Yet, by time I graduated from Greencastle High School in 2014, I had seen years of some of my peers’ parents trying to pull this stunt. Whether it was someone throwing a tantrum over what we had watched or read in class, or trying to convince my own mother about a piece of entertainment that they thought kids shouldn’t be seeing, it always felt that somewhere in the background there was someone complaining about everyone else’s entertainment.
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This wouldn’t be such an issue if there weren’t real world consequences. The New York Times published a piece in October 2017 detailing how parent complaints at a Mississippi middle school led to the dropping of To Kill a Mockingbird from the classroom reading schedule. In December, Houston Public Media reported on a Texas high school that removed a book from the school’s library following a parent complaint. The book,The Hate U Give, wasn’t even a part of a reading schedule, it was only available in the library. Relating this back to Batman, the only reason we have the two horrible Joel Schumacher Batman films of the late 1990s is because parent groups pressured Warner Brothers to drop director Tim Burton from the series.
I’m not advocating that parents let their children see every film or read every piece of material that comes out. My brother, sister and I definitely weren’t able to, and a part of me is very thankful to my mom for that. In early middle school, I snuck a viewing of David Fincher’s Fight Club, and was far too young to have properly engaged it as a viewer. I didn’t appreciate the film the first time around, spoiling the power of some fairly interesting twists and themes that were important to explore later in life. Even that initial nightmare inducing viewing of Batman Returns had confirmed that Mom, does in fact, know what’s best.
If you are a parent, you, out of everyone in the world, know what's best for your child. My mom knew what worked and didn’t work for me, and she styled her parenting accordingly. What I am advocating for is allowing others the benefit of experiencing life through a book or film, and to allow fellow parents and teachers the chance to share specific content with their children or students. Literature and film sometimes features themes and sequences that are challenging for all of us to digest, but don’t go demanding theaters or classrooms pull something just because it contains something you disagree with. If your child can’t handle it, or it massively conflicts with who you are as a parent, focus on your family, not everyone else.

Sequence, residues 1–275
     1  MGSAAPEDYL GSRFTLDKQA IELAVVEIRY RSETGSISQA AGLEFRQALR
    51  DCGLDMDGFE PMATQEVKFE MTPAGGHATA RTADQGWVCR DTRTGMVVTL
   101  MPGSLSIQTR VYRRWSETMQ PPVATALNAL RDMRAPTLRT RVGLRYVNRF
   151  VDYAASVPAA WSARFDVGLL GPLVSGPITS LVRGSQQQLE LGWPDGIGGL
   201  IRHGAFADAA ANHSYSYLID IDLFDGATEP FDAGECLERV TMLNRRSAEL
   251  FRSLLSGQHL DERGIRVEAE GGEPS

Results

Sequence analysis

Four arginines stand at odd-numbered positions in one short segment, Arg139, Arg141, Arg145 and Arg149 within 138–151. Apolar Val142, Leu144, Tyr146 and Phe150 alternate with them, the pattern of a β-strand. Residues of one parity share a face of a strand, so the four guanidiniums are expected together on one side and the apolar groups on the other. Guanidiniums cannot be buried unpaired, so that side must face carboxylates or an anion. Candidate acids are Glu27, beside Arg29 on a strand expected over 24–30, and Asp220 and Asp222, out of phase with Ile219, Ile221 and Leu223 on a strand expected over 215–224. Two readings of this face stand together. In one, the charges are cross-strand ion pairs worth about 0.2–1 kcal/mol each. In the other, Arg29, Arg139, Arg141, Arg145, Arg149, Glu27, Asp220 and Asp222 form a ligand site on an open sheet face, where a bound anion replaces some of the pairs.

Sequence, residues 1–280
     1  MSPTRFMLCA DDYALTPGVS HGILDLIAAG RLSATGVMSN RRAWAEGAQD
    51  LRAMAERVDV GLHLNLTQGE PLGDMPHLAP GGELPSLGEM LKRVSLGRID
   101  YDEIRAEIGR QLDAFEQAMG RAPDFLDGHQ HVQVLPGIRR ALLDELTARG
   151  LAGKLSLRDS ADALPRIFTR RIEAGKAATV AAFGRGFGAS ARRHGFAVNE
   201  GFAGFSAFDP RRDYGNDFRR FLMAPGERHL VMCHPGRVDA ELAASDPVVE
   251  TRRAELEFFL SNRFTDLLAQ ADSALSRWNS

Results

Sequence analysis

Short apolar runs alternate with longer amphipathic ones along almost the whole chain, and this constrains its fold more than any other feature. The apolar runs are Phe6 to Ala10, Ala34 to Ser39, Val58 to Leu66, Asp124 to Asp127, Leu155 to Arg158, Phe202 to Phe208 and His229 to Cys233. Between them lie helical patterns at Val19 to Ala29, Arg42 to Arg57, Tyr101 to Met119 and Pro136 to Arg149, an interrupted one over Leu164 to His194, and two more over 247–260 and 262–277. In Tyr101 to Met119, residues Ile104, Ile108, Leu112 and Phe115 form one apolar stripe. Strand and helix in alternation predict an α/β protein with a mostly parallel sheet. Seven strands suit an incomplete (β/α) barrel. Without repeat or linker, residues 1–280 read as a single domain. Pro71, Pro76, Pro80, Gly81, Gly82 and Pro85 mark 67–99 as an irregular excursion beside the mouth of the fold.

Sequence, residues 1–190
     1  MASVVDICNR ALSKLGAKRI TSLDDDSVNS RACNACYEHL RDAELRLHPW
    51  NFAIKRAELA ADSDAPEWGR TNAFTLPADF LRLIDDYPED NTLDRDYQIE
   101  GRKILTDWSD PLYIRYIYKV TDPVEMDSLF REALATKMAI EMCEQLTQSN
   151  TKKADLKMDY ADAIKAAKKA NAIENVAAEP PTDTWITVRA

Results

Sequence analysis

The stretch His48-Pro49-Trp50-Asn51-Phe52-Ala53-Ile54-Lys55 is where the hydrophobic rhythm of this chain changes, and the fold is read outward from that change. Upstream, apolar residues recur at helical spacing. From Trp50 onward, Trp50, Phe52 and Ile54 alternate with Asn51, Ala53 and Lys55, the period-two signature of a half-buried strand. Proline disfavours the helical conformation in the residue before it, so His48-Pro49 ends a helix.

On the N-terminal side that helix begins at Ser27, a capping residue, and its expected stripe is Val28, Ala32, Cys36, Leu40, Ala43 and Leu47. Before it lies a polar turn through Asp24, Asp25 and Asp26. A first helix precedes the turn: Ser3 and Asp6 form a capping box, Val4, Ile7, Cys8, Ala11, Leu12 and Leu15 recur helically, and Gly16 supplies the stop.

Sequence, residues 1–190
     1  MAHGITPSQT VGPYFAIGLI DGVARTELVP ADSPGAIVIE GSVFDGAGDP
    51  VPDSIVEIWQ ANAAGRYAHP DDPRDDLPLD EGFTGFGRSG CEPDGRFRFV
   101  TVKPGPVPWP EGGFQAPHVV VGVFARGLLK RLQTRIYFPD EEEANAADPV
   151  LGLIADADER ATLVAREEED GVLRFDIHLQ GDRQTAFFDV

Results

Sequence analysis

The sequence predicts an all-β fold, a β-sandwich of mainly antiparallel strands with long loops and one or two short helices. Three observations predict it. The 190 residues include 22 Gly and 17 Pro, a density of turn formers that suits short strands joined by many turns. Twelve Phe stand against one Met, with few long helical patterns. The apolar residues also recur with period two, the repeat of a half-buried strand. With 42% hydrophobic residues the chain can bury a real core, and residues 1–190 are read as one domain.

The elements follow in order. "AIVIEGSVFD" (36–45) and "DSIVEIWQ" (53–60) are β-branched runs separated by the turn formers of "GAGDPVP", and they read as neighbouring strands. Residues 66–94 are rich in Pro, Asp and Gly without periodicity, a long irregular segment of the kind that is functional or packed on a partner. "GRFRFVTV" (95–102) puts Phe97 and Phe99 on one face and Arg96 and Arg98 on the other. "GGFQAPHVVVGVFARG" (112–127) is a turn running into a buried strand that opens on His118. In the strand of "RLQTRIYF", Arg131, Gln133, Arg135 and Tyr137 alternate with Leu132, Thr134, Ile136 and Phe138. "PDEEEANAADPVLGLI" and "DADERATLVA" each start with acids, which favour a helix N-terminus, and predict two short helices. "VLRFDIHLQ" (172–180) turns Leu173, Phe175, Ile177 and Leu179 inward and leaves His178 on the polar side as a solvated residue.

Ultimately, my mom wasn’t impressionable and always made decisions based off her own direction as a parent. She never operated off a complete “No, you can’t” basis, and there was always a “when you are older” aspect to her rejection of content. She always saw the worth of teachers and their reading programs scheduled in school, even if the material stemmed from some sort of controversy. What this allowed was a chance to pursue something at a later date, allowing us the ability to fully participate with our interests and schoolwork in a way that positively enriched us.
In 2002, three years after I first saw Batman Returns, there came a day where my siblings and I got the chance to see the film again. This time, with mom’s full blessing, I faced my fears of Danny Devito’s Penguin character without subsequent nightmares. Thanks to my mom’s wisdom of a little separation of time, the movie amazed me, and became one of my all time favorite films. My mom never listened to what others tried to convince her, and she always was grounded in her own style of parenting. She never made other children or parents her priority. Just us, and that’s something I’ll always be grateful for.
A Greencastle native, Brandon Pershing is completing his journalism degree at IUPUI. An avid film buff, Pershing is also a comic book enthusiast. He and his wife, Lindsey, live in Greencastle.[/author]